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Turkey's Chief of General Staff Necdet Ozel (centre) arrives at Oncupinar border outpost on the Turkish-Syrian border in Kilis province. (HANDOUT/REUTERS)
Turkey's Chief of General Staff Necdet Ozel (centre) arrives at Oncupinar border outpost on the Turkish-Syrian border in Kilis province. (HANDOUT/REUTERS)

Globe editorial

Turkey’s defence against Syrian shelling may soon be Canada’s cause, and NATO’s Add to ...

Turkey is justified in retaliating against shelling of its territory from Syria, and Canada, as a fellow member of NATO, must be seriously concerned.

The persistence of the shelling through six days in a row makes it hardly plausible that it is only a matter of accidental overshooting. On one day last week, five Turks were killed in the town of Akcakale, and many others were injured.

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In June, the Turkish government acted with restraint when Syria shot a Turkish military aircraft flying in international air space, killing all of its crew.

Quite properly, on Tuesday, Anders Fogh Rasmussen, the Secretary-General of NATO, disclosed that it has made plans “to protect and defend Turkey,” if need be.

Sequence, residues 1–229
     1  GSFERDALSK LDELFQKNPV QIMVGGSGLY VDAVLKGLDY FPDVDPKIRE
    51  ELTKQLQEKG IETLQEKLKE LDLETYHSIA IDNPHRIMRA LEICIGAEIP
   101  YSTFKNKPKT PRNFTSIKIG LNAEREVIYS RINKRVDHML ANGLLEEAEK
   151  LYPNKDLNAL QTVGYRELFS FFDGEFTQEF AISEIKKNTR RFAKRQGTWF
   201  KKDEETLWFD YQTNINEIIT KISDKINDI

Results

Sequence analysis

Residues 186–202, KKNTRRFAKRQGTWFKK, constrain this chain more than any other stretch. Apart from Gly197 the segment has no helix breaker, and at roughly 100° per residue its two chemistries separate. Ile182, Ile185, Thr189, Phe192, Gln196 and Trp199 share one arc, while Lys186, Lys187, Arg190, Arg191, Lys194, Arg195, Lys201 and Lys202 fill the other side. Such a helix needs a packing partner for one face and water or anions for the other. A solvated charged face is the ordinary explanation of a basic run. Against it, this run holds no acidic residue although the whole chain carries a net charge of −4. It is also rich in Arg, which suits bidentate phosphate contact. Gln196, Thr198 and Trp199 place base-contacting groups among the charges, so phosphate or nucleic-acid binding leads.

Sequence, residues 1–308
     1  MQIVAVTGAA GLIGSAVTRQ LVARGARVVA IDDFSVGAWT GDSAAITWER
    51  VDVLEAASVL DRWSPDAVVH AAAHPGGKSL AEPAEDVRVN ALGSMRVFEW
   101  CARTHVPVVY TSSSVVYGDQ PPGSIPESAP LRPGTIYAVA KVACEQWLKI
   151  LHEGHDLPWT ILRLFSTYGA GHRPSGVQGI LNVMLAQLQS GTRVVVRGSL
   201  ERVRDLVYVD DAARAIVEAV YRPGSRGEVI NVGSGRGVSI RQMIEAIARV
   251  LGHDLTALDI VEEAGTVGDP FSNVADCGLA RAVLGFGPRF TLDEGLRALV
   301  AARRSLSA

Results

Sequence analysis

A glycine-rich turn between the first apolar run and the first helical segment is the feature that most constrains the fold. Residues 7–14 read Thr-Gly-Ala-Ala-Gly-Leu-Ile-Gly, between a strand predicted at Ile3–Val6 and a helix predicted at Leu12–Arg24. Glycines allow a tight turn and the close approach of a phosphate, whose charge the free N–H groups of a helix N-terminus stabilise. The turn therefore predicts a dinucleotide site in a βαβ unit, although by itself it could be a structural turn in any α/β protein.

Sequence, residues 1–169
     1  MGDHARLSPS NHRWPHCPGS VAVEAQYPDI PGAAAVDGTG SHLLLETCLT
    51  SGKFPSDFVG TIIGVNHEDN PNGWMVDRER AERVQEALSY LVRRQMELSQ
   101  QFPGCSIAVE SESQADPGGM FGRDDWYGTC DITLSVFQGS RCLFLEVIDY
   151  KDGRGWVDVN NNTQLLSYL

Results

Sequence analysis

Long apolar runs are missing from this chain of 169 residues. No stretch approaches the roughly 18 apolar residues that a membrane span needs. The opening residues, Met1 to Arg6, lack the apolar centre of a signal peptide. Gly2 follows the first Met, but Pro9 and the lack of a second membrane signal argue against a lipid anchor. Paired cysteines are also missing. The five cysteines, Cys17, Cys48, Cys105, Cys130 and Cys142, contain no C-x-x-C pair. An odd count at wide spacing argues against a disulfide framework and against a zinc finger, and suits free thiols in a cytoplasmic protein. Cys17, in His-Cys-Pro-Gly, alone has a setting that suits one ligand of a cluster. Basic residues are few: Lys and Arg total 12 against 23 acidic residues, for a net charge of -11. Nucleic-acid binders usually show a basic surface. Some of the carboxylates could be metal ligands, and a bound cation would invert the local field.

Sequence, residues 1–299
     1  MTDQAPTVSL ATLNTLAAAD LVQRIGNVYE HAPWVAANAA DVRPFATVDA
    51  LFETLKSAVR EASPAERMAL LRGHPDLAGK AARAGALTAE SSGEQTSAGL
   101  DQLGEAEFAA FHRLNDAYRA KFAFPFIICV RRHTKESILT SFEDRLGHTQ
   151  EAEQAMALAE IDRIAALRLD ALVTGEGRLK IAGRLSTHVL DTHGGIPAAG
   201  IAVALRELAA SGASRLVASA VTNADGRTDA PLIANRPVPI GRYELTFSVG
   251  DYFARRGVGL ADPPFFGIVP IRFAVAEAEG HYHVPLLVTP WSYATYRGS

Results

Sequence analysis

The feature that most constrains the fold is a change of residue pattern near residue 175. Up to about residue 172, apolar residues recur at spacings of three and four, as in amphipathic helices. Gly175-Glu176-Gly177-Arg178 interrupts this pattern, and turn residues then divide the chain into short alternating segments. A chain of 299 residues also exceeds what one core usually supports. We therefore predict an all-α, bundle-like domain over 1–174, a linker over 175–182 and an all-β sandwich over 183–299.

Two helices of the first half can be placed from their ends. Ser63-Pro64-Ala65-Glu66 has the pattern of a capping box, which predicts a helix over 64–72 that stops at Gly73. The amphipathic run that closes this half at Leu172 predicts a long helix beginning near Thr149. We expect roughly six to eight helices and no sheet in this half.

Similarly, John Baird, the Minister of Foreign Affairs, said last week, “We stand with Turkey and our other regional partners.” He was also right to say that President Bashar al-Assad is “drawing the region into his self-inflicted conflict.”

Turkey is fully justified in accepting Syrian refugees, many of whom have been wounded in the civil war. At the same time, Recep Tayyip Erdogan, the Prime Minister, does not want to launch military operations on Syrian soil.

Turkey is inevitably affected by civil war in a neighbouring country. The Turkish government is not simply neutral on Syrian politics, but its criticisms of the tyrannical and violent al-Assad regime are well founded. Indeed, Syria’s and Turkey’s relations were actually improving only two years ago, according to a report.

It is characteristic of the Assad regime that on Monday the Minister of Information, Omran al-Zoubi, insultingly claimed that “confused, blundering” Turkish policy was an expression of a delusion that the Ottoman Empire is still in existence; he mockingly pointed out that the Turkish Foreign Ministry no longer “names custodians in Damascus, Mecca, Cairo and Jerusalem.”

The NATO treaty obliges its members to deliberate on what ought to be done, when the territorial integrity and security of any of its members is threatened. Canada can be expected to do its part.

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